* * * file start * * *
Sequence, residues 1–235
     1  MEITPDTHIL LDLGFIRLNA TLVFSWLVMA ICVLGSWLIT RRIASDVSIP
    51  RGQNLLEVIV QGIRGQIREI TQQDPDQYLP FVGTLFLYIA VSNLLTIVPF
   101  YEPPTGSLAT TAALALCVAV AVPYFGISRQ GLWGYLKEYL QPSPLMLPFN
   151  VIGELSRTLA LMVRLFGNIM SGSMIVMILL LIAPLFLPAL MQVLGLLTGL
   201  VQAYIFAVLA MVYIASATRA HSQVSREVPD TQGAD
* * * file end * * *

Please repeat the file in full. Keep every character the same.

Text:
Sequence, residues 1–235
     1  MEITPDTHIL LDLGFIRLNA TLVFSWLVMA ICVLGSWLIT RRIASDVSIP
    51  RGQNLLEVIV QGIRGQIREI TQQDPDQYLP FVGTLFLYIA VSNLLTIVPF
   101  YEPPTGSLAT TAALALCVAV AVPYFGISRQ GLWGYLKEYL QPSPLMLPFN
   151  VIGELSRTLA LMVRLFGNIM SGSMIVMILL LIAPLFLPAL MQVLGLLTGL
   201  VQAYIFAVLA MVYIASATRA HSQVSREVPD TQGAD